Third in a Series Marking the 25th Anniversary of Kosherfest, October 28-30, 2013
NEW YORK — It is impossible to speak of the dramatic growth of kosher over these last 25 years without including kosher wines. Back then, the common perception was still to a great extend that kosher wine meant the sacramental wines and for most Jews, it was Manischewitz on the holidays. Even Kedem, which without a doubt led the kosher wine “revolution,” was still to an extent touting its sacramental wines from Concord grapes grown in upstate New York. But the change has been so extraordinary that kosher wines have taken their place amongst some of the finest wines in the world, even winning awards at prestigious international competitions and receiving recognition from the wine media.
Much of this change has been due to demographics as younger Jews who covet kosher appreciate the fine nuances of good wine, including differences between grapes and the climates in which they are grown. So much so, that those quality, even expensive wines are an integral part of any upscale kosher restaurant.
Nowhere was this dramatic change more in evidence than at Kosherfest as Kedem became not only a major producer such as its California wines produced in its state-of-the-art winery in Oxnard, California but as a major importer of some of the finest wines from all over the world. Some of the best winemakers were suddenly producing kosher wines and the vision of a new age for kosher foods and wines was not only seen at Kosherfest but at Kedem’s annual event pairing the best in wines with foods from some of the finest kosher restaurants. Younger wine consumers appreciated the quality wines as wine tastings and kosher wine groups expanded in many countries.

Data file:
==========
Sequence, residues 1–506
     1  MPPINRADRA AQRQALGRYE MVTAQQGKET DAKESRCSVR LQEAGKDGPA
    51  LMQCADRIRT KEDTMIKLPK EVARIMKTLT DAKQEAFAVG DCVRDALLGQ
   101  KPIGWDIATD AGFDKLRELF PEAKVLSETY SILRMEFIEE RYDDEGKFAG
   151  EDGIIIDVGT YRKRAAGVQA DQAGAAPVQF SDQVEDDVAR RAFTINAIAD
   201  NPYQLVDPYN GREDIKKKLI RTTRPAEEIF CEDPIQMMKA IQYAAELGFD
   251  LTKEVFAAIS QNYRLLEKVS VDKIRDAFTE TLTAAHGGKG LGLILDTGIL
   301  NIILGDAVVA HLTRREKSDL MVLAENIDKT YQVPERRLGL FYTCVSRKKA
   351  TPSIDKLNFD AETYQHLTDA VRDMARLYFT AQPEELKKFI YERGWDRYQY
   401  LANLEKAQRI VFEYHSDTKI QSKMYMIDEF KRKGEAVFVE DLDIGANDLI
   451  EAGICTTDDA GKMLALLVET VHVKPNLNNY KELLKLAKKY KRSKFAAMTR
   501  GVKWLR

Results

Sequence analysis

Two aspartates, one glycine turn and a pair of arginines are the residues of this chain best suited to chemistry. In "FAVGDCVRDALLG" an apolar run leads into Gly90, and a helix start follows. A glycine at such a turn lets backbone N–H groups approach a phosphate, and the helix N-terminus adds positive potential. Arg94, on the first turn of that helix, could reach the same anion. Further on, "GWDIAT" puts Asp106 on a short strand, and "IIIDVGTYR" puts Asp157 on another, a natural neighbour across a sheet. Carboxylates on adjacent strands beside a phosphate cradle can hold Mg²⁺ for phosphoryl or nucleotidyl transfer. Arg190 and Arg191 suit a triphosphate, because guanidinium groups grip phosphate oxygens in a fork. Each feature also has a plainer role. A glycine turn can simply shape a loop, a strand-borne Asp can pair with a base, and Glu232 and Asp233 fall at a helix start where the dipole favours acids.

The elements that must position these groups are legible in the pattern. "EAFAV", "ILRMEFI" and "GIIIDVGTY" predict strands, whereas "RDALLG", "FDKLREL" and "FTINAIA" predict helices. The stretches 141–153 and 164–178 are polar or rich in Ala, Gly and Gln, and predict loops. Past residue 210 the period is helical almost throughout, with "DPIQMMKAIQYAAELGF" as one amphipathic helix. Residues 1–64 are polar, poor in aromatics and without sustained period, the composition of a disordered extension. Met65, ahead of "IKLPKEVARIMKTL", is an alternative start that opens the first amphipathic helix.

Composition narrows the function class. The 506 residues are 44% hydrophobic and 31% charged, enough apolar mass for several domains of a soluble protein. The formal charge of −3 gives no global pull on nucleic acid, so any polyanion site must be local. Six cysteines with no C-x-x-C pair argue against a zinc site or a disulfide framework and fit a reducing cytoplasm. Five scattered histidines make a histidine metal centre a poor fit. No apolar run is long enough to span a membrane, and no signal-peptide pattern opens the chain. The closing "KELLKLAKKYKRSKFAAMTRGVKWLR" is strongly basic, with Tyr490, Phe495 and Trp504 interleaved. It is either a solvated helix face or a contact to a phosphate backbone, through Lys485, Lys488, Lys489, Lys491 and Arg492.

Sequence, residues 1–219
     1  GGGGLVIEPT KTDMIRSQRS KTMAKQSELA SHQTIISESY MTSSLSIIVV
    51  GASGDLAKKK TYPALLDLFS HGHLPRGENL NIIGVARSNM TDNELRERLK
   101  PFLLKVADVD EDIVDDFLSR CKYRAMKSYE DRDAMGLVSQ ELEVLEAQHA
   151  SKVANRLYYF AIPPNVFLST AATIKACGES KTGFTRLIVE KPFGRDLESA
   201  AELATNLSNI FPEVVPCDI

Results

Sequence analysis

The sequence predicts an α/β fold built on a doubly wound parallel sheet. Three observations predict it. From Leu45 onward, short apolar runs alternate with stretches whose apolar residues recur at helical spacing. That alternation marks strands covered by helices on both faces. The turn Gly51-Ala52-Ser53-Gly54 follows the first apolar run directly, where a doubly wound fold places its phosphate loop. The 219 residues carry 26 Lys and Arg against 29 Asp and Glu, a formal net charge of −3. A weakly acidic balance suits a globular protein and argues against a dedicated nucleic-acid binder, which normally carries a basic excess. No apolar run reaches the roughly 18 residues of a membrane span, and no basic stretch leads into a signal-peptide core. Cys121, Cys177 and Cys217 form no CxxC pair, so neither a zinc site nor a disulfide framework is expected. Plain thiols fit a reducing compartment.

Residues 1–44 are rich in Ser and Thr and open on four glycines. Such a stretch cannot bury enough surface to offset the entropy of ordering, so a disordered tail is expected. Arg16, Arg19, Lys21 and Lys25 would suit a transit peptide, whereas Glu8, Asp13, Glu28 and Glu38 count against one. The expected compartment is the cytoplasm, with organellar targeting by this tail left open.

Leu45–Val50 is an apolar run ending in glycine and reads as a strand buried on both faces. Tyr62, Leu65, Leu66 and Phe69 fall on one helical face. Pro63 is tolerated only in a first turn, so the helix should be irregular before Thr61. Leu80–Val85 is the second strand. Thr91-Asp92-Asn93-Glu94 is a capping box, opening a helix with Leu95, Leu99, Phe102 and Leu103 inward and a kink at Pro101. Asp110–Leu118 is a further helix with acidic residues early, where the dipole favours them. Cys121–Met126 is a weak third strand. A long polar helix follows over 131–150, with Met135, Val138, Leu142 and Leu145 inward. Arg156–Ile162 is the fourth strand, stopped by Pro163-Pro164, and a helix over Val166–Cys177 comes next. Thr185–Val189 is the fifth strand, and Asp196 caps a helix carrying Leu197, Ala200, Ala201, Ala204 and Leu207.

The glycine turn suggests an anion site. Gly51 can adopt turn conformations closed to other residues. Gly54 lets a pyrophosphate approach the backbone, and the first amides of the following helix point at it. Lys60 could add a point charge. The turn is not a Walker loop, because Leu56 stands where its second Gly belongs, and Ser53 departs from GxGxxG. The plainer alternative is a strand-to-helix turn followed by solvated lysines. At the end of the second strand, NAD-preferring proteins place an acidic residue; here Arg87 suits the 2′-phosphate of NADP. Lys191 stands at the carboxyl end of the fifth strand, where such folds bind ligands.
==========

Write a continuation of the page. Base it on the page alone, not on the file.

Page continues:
It was at Kosherfest that one could clearly see the expansion and sophistication of wines, including the development of a robust wine industry in Israel. The Israeli wines emerged amongst the world leaders as the wine industry, particularly in the Golan Heights took advantage of their exceptional terrain for growing grapes and the use of technology. Smaller boutique wineries in Israel were also making their mark. One had only to compare photos of Kosherfest pasts with recent shows to appreciate the changes that have taken place in kosher wines.
We may well be experiencing a renaissance of kosher wines that would have been embraced by the Talmud but took a hiatus for many years in Jewish communities in the Diaspora, particularly in the US, only to make a huge comeback nowadays.